• John D. Martin says:

    Continuing from Friday- The realm of science fiction offers a number of examples of goodness that define goodness as nearly synonymous with the capacity of self-sacrifice. Since you asked for the best, I would suggest the consistent depiction of goodness as self-sacrifice in the overlooked Babylon 5 series from the 1990’s. A number of episodes of the series even put a particularly Biblical emphasis on this capacity (“Comes the Inquisitor” and “Walking through Gesthemane”). In the former, an alien “Inquisitor”, who is charged by his masters with finding the true motives of his victims, pushes two of the series’ main characters to near death to find out what they would die for. The answer the “Inquisitor” is looking for is “No greater love has no man than this: to give up his life for his friends,” and not for glory, or even for a noble cause (and yes the show does give the quote from John in its entirety). In the other, a serial killer whose mind has been wiped of the memory of his crimes is tracked down by the families of his victims. Now a Benedictine monk, he is given the chance to flee their vengeance, but decides it would be better to face them- if that’s what it takes for them to feel justice for the crimes he perpetrated.
    Goodness as expressed in compassion is harder to find expressed well in film, I think. The best examples I have on my shelf here are “Seven Samurai” and “Tender Mercies” In the first film, it is compassion for the suffering of the defenseless farmers that moves Kenbai to accept their offer and defend their village from the raiders. The farmers have nothing to offer him and his men, barely even food to share, and the decision to defend them is costly. In “Tender Mercies,” Mac, played by Robert Duvall, returns to comfort his ex-wife on the death of their daughter, even though the ex-wife has been downright hostile to his attempts to express his remorse for the end of their marriage. He demonstrates a willingness to share her grief in spite of her unforgiving attitude toward him. He has nothing to gain from it all.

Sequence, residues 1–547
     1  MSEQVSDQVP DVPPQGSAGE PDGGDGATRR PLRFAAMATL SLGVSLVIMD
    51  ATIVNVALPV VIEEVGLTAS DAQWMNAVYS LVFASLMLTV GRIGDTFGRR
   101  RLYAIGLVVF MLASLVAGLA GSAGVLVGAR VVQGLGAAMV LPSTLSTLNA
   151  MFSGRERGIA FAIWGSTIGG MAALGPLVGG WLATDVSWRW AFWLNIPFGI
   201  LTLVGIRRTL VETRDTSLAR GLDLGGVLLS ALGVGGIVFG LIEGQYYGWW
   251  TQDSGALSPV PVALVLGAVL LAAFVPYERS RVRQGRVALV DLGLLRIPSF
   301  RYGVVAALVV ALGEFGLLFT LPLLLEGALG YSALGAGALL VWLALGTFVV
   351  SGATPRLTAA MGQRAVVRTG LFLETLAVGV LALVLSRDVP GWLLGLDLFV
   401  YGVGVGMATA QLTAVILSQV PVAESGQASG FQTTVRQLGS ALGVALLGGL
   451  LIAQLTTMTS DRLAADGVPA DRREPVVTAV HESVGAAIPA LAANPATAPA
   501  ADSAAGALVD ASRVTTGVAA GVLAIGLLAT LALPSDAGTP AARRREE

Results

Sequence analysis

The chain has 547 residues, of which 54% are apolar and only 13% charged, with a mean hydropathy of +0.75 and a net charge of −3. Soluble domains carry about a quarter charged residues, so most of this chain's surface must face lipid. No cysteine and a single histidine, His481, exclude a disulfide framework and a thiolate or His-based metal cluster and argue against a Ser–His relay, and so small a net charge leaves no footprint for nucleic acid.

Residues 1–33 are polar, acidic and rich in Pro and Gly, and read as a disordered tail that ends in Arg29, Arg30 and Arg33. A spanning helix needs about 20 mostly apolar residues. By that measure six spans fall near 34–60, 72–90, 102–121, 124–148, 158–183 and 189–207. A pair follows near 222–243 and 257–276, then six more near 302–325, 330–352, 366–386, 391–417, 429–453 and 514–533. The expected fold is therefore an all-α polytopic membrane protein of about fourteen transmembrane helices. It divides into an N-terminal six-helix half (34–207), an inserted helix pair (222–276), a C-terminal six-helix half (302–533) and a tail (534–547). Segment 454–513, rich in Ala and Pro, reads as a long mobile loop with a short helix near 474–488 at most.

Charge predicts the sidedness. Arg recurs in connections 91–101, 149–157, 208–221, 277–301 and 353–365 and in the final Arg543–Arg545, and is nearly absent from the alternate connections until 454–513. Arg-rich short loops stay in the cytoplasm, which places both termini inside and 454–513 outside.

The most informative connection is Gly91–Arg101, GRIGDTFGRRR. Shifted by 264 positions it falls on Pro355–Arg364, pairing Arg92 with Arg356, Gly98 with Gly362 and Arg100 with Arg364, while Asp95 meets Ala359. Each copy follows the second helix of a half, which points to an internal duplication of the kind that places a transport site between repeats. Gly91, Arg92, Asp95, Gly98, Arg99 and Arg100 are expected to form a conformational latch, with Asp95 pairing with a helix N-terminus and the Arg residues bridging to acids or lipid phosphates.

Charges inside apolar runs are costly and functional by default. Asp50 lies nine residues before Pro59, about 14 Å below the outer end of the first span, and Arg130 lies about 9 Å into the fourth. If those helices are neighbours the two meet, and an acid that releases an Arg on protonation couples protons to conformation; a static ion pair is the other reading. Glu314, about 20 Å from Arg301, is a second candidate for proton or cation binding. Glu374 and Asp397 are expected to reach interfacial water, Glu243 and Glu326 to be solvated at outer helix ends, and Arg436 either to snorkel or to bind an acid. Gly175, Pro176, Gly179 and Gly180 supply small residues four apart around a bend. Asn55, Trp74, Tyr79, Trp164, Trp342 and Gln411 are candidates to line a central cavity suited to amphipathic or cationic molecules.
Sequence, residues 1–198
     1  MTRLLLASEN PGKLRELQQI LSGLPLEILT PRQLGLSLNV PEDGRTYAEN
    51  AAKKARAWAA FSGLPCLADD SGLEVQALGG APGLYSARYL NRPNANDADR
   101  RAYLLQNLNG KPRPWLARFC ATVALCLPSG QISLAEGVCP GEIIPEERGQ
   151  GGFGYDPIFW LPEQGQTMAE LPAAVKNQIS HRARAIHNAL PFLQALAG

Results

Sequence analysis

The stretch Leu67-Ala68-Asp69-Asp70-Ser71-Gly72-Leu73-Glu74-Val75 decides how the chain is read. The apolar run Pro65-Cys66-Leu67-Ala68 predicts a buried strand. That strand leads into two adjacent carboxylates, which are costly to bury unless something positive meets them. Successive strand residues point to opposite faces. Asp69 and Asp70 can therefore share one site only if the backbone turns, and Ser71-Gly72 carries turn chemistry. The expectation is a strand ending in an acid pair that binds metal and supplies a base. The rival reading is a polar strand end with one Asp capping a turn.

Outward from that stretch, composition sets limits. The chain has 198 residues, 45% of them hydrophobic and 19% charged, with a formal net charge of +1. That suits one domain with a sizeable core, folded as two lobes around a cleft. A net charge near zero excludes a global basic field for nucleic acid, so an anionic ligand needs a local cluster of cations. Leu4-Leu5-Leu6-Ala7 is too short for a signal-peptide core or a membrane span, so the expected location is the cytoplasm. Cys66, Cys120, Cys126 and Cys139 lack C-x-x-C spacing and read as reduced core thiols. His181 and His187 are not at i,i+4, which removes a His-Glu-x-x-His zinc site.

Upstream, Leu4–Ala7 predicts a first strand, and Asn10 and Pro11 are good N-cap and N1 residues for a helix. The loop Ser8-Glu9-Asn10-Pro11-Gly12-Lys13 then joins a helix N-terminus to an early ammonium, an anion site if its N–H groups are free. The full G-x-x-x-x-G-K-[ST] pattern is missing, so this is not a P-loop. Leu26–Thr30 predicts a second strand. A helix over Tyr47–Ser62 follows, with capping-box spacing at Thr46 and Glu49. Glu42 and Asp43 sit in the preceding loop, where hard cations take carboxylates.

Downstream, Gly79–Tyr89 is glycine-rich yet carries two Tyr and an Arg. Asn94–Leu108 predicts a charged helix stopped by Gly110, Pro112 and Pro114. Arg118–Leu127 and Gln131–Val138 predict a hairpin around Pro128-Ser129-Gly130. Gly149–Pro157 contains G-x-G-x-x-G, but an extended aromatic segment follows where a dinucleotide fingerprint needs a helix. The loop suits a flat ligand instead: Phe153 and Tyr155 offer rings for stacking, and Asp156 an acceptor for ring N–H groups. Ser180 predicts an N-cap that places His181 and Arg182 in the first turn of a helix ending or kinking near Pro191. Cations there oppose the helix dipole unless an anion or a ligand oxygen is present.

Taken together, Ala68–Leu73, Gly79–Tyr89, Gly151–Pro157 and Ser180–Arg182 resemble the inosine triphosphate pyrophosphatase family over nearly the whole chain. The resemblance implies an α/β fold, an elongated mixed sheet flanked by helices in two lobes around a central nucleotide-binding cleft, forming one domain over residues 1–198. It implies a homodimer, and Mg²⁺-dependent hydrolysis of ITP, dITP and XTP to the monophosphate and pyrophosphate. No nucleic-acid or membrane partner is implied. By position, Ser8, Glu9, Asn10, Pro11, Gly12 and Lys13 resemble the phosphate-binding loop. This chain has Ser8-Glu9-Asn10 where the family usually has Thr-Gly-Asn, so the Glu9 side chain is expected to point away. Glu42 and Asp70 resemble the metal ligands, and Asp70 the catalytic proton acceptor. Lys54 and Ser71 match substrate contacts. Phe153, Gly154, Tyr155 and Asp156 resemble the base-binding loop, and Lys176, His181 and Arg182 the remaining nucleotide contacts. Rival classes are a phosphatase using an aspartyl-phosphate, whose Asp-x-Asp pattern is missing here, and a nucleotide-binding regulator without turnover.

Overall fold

• The best portrayal of good in a book is found in the four gospels. If you want to become smarter than most preists and pastors, learn a gospel. http://biblek12.com/gospel will help you.

  • Tiffany says:

    The best example of good portrayed in a movie that I’ve seen in a long time is in “Grand Torino” where Clint Eastwood’s character learns to overcome his prejudices and sacrifices himself for his friends. It is very raw, realistic and moving. I used to live in a neighborhood just like that, and I can imagine this happening.

  • Desi says:

    Just a month or so ago my family & I watched a fiction movie called ‘Joshua’. It is a lovely picture of who our God is. After seeing it I ordered several more copies with the thought that this movie is a great introduction for someone who has not met the savior. I will just give them away. Also, has anyone read a book called ‘The Shack?’ Also fiction, also very loving picture of God’s love.

  • Mimi says:

    For me the most inspiring good character in a book is Jean Valjean of Les Miserables. After being shown mercy when he could have rightfully been sent back to prison, Jean Valjean makes it his mission to show that same mercy to others. Although he makes mistakes as in the case of Cosette’s mother, he rectifies the situation by raising Cosette as his own. He works hard and aims to help others thus gaining the love and respect of others. This is so a picture of our lives in Christ. We have been shown great mercy, not to lord it over others but so we too can show the same compassion that our Lord showed us. We too like Jean Valjean make mistakes but our aim should be to humbly admit them and do what is good from there on.